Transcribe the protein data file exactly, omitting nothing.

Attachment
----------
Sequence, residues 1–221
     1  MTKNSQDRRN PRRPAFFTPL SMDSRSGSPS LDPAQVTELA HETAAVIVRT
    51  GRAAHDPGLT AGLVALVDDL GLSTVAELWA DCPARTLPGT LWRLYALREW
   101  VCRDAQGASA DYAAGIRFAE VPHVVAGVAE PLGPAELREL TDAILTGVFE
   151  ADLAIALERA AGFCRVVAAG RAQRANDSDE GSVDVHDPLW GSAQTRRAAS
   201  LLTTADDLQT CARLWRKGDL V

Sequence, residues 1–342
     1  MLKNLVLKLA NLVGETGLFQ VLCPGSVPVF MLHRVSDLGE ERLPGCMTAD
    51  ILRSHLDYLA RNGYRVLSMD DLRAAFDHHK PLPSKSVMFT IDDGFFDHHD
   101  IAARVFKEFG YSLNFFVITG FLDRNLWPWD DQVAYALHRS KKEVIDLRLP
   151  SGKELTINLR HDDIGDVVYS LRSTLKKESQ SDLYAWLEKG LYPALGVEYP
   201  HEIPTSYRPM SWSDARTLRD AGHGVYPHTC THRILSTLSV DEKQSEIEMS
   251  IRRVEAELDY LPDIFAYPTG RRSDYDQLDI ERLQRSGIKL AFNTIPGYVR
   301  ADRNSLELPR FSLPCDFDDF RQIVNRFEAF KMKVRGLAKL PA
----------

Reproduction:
Sequence, residues 1–221
     1  MTKNSQDRRN PRRPAFFTPL SMDSRSGSPS LDPAQVTELA HETAAVIVRT
    51  GRAAHDPGLT AGLVALVDDL GLSTVAELWA DCPARTLPGT LWRLYALREW
   101  VCRDAQGASA DYAAGIRFAE VPHVVAGVAE PLGPAELREL TDAILTGVFE
   151  ADLAIALERA AGFCRVVAAG RAQRANDSDE GSVDVHDPLW GSAQTRRAAS
   201  LLTTADDLQT CARLWRKGDL V

Sequence, residues 1–342
     1  MLKNLVLKLA NLVGETGLFQ VLCPGSVPVF MLHRVSDLGE ERLPGCMTAD
    51  ILRSHLDYLA RNGYRVLSMD DLRAAFDHHK PLPSKSVMFT IDDGFFDHHD
   101  IAARVFKEFG YSLNFFVITG FLDRNLWPWD DQVAYALHRS KKEVIDLRLP
   151  SGKELTINLR HDDIGDVVYS LRSTLKKESQ SDLYAWLEKG LYPALGVEYP
   201  HEIPTSYRPM SWSDARTLRD AGHGVYPHTC THRILSTLSV DEKQSEIEMS
   251  IRRVEAELDY LPDIFAYPTG RRSDYDQLDI ERLQRSGIKL AFNTIPGYVR
   301  ADRNSLELPR FSLPCDFDDF RQIVNRFEAF KMKVRGLAKL PA